As summer is here, I offer tips for summertime skin protection with sunscreens. As much as we all love the sun, everyone — whether man or woman needs to be aware of the dangers of too much sun exposure and take the proper precautions to fully enjoy the season — and the sun year-round.
What does SPF mean?
The SPF number tells you how long the sun’s radiation would take to redden skin when using sunscreen versus amount of time without sunscreen. So, SPF 30 would take you 30 times longer to burn than without sunscreen. Dermatologists recommend using SPF of at least 30.
SPF 15 blocks 93% of UVB rays while SPF 30 blocks 97%. SPF 50 blocks 98% of UVB rays. Although a small difference, there is that difference! Also, people generally don’t wear enough sunscreen (the appropriate amount is an entire shot glassful) reapplied every 2 hours. SPF 50 is enough protection if enough is applied and very often, especially after swimming or sweating.
What is the difference between chemical and physical sunscreen?
Physical (mineral) sunscreens sit on surface of skin and act as shield. Chemical sunscreens skin into skin and act as a sponge. If you have acne or sensitive skin, dermatologists recommend mineral sunscreen. Physical sunscreens contain titanium dioxide or zinc oxide. Chemical sunscreens are safe but can cause allergic reactions in those sensitive to active ingredients. Some ingredients in chemical sunscreens are avobenzone, oxybenzone, helioplex, mexoryl, homosalate.
Both protect against harmful UVA and UVN rays (so are broad spectrum)). Chemical sunscreens last longer in the water and when sweating. But mineral sunscreens offer immediate protection, but mineral sunscreens need to be rubbed in.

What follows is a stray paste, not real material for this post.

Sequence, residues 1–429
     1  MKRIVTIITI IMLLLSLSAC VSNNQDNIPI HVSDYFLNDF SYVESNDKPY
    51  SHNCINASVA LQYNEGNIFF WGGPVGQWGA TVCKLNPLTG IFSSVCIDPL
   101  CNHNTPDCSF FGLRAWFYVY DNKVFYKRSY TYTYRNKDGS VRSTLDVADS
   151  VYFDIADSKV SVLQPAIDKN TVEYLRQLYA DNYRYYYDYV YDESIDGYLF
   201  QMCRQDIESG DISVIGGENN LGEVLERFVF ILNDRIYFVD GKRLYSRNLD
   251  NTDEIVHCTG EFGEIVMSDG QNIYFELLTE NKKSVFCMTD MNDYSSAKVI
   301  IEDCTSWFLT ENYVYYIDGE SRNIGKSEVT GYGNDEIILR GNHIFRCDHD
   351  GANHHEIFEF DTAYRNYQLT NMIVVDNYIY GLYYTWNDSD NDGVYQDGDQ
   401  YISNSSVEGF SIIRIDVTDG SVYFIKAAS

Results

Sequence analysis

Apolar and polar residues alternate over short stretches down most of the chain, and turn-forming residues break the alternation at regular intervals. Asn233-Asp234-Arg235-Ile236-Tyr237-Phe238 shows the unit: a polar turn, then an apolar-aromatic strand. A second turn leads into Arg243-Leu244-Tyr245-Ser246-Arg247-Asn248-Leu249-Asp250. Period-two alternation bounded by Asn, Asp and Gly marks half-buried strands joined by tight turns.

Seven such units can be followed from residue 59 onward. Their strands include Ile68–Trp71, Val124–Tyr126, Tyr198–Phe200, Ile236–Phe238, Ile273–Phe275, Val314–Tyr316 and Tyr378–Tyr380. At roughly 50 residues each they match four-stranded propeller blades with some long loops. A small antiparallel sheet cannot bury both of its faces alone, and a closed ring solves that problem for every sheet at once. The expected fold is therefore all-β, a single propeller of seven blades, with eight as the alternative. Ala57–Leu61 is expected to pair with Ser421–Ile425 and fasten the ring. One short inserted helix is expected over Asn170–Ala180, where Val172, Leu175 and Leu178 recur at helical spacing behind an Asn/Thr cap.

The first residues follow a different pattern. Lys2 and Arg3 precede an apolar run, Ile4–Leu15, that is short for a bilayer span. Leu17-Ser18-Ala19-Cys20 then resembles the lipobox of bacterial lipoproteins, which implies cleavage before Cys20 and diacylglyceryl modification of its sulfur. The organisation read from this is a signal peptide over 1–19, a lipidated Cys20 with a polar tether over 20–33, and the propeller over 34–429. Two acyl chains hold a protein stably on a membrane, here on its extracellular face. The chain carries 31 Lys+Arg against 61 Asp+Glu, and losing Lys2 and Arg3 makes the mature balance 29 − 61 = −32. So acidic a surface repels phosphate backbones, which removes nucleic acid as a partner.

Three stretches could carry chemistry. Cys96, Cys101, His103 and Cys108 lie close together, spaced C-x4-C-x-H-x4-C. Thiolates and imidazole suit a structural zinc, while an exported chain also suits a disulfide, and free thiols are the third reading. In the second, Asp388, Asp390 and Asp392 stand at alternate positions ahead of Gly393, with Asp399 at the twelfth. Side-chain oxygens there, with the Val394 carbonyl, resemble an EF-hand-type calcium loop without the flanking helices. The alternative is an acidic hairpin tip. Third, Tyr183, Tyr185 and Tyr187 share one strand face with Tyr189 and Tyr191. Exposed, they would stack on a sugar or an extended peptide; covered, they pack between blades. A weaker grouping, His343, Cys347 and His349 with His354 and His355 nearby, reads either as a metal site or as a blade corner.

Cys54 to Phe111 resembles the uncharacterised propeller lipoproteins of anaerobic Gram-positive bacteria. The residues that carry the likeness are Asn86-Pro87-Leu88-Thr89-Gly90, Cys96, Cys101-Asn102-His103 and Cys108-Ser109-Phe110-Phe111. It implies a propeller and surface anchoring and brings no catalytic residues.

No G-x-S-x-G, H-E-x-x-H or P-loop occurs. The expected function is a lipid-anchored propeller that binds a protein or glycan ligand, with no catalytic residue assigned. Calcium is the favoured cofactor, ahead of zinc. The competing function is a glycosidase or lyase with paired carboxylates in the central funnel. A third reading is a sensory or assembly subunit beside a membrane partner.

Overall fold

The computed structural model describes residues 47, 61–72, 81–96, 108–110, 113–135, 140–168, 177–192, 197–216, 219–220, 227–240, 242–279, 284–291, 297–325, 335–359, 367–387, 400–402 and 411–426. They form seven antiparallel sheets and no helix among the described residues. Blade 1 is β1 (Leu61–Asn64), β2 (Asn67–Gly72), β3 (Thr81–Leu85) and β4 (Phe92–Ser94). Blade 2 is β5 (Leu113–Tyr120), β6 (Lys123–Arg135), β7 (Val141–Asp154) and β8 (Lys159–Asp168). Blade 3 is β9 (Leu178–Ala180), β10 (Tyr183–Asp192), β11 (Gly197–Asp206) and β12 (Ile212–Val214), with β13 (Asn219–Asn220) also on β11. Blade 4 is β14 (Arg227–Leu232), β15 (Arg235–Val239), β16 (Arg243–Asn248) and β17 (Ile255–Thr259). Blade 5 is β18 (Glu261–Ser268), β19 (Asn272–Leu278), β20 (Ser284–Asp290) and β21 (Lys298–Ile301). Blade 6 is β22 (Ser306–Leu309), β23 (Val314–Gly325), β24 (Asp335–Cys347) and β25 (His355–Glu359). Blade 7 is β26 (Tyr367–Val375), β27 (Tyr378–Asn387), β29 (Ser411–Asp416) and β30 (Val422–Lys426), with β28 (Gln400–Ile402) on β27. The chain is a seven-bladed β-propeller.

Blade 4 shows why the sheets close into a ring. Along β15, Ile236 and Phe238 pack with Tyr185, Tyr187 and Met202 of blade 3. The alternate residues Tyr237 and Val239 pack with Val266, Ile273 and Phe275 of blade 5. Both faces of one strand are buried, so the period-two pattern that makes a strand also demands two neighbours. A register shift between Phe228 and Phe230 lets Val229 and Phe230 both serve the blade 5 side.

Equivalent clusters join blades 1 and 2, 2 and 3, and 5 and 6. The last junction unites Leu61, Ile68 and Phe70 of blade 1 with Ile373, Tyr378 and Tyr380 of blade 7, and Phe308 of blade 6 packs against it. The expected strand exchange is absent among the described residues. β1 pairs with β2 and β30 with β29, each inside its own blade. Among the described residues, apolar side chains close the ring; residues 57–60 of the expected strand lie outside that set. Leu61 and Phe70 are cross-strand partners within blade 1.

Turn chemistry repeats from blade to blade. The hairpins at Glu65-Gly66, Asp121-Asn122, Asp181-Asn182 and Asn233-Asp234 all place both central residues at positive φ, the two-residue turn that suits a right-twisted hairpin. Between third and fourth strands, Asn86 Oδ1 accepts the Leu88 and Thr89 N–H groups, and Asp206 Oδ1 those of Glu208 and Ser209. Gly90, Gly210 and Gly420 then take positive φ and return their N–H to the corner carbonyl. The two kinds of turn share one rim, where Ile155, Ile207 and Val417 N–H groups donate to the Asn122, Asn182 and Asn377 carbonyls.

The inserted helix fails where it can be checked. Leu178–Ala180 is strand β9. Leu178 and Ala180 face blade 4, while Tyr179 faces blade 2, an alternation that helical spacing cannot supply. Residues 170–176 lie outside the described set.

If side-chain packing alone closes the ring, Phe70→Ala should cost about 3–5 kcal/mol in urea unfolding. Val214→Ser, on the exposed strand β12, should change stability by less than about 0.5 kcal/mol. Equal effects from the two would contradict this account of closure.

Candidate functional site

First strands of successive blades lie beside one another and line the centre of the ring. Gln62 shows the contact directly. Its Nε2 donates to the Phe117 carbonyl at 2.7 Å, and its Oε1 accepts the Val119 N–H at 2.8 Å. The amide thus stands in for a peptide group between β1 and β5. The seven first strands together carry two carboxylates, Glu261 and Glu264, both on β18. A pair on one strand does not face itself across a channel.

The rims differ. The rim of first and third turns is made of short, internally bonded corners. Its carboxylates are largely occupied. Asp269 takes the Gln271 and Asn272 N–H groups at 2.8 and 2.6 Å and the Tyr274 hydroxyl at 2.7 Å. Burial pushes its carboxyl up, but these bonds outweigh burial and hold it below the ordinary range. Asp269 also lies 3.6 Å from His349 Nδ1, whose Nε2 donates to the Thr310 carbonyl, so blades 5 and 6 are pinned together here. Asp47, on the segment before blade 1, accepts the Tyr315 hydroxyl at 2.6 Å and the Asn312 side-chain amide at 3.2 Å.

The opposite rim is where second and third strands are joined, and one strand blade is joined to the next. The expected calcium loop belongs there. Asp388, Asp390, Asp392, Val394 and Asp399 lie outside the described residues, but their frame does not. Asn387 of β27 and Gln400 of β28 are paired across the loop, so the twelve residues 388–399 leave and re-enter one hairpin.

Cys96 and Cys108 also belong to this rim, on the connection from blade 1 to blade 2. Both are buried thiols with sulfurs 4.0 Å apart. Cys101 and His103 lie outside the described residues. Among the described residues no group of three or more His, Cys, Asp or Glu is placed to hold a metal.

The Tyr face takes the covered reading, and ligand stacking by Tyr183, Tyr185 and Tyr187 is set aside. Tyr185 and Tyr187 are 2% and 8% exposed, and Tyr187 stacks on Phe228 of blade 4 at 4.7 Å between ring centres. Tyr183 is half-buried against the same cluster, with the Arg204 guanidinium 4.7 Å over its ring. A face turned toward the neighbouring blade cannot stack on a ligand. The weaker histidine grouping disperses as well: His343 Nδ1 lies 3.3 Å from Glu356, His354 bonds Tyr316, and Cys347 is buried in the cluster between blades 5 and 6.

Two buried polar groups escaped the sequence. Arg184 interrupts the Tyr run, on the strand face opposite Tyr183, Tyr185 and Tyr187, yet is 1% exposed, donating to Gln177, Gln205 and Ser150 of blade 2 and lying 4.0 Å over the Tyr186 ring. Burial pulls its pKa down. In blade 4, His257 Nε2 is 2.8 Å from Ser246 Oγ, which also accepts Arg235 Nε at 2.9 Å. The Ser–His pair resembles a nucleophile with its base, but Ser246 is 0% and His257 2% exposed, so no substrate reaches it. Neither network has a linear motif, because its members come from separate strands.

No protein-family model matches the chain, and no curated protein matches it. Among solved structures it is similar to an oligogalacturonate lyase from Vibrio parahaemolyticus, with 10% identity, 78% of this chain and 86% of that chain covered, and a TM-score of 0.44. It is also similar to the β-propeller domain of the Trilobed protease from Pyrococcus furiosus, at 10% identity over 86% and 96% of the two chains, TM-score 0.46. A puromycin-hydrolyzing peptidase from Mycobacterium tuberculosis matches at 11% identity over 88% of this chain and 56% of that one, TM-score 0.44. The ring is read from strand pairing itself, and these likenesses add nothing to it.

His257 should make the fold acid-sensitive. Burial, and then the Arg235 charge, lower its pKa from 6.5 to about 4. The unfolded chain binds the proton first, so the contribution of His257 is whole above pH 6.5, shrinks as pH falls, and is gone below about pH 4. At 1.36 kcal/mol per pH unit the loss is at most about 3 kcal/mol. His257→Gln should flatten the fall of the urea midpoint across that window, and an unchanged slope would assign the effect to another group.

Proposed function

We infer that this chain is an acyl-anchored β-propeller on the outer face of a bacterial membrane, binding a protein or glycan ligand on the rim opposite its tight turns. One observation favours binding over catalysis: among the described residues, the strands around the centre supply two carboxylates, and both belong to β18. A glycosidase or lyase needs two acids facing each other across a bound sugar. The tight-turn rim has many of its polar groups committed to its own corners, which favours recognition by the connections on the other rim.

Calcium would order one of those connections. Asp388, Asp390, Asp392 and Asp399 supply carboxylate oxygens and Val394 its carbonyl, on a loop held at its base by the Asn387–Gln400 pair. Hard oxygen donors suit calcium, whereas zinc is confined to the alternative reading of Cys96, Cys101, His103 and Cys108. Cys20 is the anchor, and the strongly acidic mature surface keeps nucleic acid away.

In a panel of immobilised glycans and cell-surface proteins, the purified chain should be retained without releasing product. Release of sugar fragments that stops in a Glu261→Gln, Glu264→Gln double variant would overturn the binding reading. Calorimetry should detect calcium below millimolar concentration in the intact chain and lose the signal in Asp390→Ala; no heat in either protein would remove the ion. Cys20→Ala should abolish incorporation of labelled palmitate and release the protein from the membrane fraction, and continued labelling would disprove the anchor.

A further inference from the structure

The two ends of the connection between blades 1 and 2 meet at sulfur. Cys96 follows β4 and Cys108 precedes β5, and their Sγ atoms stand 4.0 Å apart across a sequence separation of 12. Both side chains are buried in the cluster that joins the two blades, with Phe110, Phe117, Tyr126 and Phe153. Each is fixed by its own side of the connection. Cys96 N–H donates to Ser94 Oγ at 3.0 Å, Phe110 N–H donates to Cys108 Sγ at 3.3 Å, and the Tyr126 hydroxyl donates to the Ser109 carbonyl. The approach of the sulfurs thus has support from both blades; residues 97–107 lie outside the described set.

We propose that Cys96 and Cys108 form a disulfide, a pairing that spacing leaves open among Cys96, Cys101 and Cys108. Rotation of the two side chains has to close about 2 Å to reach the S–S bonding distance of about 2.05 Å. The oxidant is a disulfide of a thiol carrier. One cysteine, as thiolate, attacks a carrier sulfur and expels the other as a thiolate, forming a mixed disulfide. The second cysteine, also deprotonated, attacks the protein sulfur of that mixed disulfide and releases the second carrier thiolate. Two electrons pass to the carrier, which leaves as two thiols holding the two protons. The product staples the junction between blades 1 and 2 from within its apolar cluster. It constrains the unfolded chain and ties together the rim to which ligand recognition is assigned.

Do sunscreens prevent skin aging?
YES! Ultraviolet (UV) is both UVA and UVB. UVA is the longer wave UV ray that penetrates deep into skin, causing skin damage, skin cancer and aging. UVB is the shorter one that affects the outer layer of skin leading to skin damage and cancer.
Are sunscreens dangerous?
Although it’s been reported that the body absorbs ingredients in sunscreens that are too high, the health effects are unclear. But the benefits of sunscreens outweigh the risk. Mineral sunscreens are an option; as the studies of suspected chemicals (benzene contamination), octocrylene and benzophenone are in chemical sunscreens. Remember: 20 Americans die from melanoma every day. Also try to avoid sun between 10-4 p.m.
Can you be allergic to sunscreens?
Yes. Some fragrances and oxybenzone can cause allergic reactions such as rash or hives. It can happen suddenly or may take two days. Physical sunscreens with zinc oxide and titanium dioxide have fewer allergic reactions.
Your summer read :
“The Doctor’s Secret” by Tina K. Funt, M.D. It’s a fun easy read when you are at the beach or pool (under umbrella!). Follow the story of a woman becoming a doctor in the 1980’s when so few women picked that choice of career. Explore the trials and tribulations of the doctor’s journey and enjoy the sexy steamy romance episodes.
Dr. Tina K. Funt is a Board-Certified Dermatologist practicing in Garden City for 33 years. She works for Schweiger Dermatology Group, with 80+ offices throughout Long Island and the tri-state. Dr. Funt specializes in both medical and cosmetic dermatology. Her passions are medicine, the arts, golf and dogs. You can send Dr. Tina a question at Tfmdbook@gmail.com